By Sarah Goodall, Published November 1, 2014
Last week I presented my views on digital marketing at the B2B Marketing Conference in London – you can view the presentation on Slideshare here. I’ve spent 18+ years marketing in the B2B tech industry in all kinds of companies. Small and large. Software and hardware. I’m a classically trained B2B marketer from a traditional ‘sales led event driven’ environment that seemed to be a winning formula a few years back.
In recent years I’ve shifted my skillset into digital and social marketing. No other reason than because I’m curious, nosey and like to learn new things. Now I’m totally converted.
Call it what you want…New Marketing, Digital Marketing, Inbound Marketing, Pull Marketing. The point is, the buying process within B2B has changed and marketing needs to adapt.
The digital buying habits we use in our daily lives have transferred to the B2B buying environment. We naturally seek recommendations, reviews and want to research our options when purchasing holidays, goods and services. The B2B space is no different. Research shows that 60-90% of the B2B buying process is complete before a buyer contacts a vendor (Source: Google & CEB). 81% of the time they start searching online (Source: Demand Gen Report). Of those, 75% don’t look any further than the first page of results.
Knowing how to win eyeballs in this digital playground is essential.
The linear funnel that we classically took our prospects through has now become a complex journey of digital enlightenment. Just to make it more complex, every content discovery journey will be different with people finding and reading their own way through content in order to educate themselves.
For every 1 piece of content a business provides a prospect, they will end up finding 3 pieces of content themselves online about the company (Source: Forrester). If marketers continue to push the “event driven” tactic to prospective buyers who are early in their search process, they’ll find it increasingly difficult to engage people to attend.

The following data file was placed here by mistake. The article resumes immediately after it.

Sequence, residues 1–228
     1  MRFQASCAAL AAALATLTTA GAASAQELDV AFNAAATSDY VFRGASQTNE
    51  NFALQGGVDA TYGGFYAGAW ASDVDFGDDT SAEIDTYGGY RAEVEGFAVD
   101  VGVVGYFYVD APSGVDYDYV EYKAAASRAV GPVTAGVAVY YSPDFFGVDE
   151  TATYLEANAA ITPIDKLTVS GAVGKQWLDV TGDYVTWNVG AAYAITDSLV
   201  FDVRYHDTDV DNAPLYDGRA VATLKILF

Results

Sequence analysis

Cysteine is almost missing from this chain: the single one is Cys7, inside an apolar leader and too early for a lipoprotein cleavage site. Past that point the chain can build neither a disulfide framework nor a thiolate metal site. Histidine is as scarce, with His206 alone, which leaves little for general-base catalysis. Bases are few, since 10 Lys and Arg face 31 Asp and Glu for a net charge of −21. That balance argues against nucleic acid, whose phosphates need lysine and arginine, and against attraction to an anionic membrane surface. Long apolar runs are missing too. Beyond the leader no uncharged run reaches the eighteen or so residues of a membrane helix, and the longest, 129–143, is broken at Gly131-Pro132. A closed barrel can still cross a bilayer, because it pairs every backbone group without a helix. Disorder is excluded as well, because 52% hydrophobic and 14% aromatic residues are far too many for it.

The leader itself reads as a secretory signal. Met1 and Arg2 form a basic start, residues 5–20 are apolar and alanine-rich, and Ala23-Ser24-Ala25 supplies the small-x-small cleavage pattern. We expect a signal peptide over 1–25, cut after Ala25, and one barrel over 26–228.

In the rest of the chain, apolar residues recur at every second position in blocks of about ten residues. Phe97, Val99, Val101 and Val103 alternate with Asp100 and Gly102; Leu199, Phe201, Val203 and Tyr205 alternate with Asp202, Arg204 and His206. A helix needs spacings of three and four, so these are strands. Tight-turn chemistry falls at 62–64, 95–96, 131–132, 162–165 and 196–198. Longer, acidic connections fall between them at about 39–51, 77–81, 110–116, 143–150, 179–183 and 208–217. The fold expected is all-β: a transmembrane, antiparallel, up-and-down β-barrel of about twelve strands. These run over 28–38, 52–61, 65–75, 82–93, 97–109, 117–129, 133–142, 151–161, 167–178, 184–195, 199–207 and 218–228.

Inbound marketing is no longer an option. It’s the changing nature of our profession.
Sure, handing it to a digital agency to will help in the short term but how will you know if you’re getting value for money? You could pass the responsibility of digital marketing to the ‘millennial’ that recently joined the team who understands all that “social stuff” but those guys can sometimes lack business experience, so be careful.
At a basic level, a digital marketing strategy should consist of 3 components:
- Paid – PPC, Paid Media, Contextual Advertising, Paid Search
- Owned – Your .com property, blogs, branded social channels
- Earned – Your potential advocates including employees, partners and even customers
Integrate these three elements into a campaign driven model and you’re on the road to success but before you do any of that, focus on content.
Use social listening to see what’s trending, what’s topical with your audience, what themes are bubbling up. That should drive your content strategy which should be filled with the relevant keywords and phrases you know resonate well with your audience.
Once you have the content, fire up the amplification engine – an integrated set of tactics from the Paid, Owned and Earned mix that gives your content a chance to fly and get noticed. Choose what’s relevant to your audience E.g. The Paid element could be Direct Sponsored Content in LinkedIn or for a more targeted approach, sponsored InMails in LinkedIn.
Constant learning and continued development is essential for any profession. A lady I met last week gave me a great analogy. Her sister-in-law is a doctor and she asked “If you had an illness relating to your kidney, would you want to see a doctor that had 40+ years of experience or a doctor who had just graduated” which apparently most folks answer “the doctor with more experience…naturally?” Her reply “No, the doctor who has just left university has the latest knowledge, research and case studies. Experienced doctors must work continuously to keep topping up their knowledge to the same level.
So, to bring this back to marketing – it’s important to keep topping up your knowledge. In a few years’ time the ‘millennials’ entering the workforce now will have gained the business experience they sometimes lack today. Their skill-set will be in demand as the search for digital marketing expertise increases. Don’t miss out. Get reading.
Here are some resources I regularly check in with to top up my ‘digital knowledge’
Any others you would recommend?